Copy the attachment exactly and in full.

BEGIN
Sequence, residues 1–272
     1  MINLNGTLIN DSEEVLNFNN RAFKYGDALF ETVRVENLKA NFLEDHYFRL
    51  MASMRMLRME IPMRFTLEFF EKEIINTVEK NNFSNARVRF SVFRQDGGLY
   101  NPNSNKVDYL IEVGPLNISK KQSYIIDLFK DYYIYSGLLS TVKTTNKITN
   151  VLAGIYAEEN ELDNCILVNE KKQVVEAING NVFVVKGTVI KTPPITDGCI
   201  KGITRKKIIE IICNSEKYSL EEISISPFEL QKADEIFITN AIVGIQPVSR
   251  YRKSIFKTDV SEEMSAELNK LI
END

Sequence, residues 1–272
     1  MINLNGTLIN DSEEVLNFNN RAFKYGDALF ETVRVENLKA NFLEDHYFRL
    51  MASMRMLRME IPMRFTLEFF EKEIINTVEK NNFSNARVRF SVFRQDGGLY
   101  NPNSNKVDYL IEVGPLNISK KQSYIIDLFK DYYIYSGLLS TVKTTNKITN
   151  VLAGIYAEEN ELDNCILVNE KKQVVEAING NVFVVKGTVI KTPPITDGCI
   201  KGITRKKIIE IICNSEKYSL EEISISPFEL QKADEIFITN AIVGIQPVSR
   251  YRKSIFKTDV SEEMSAELNK LI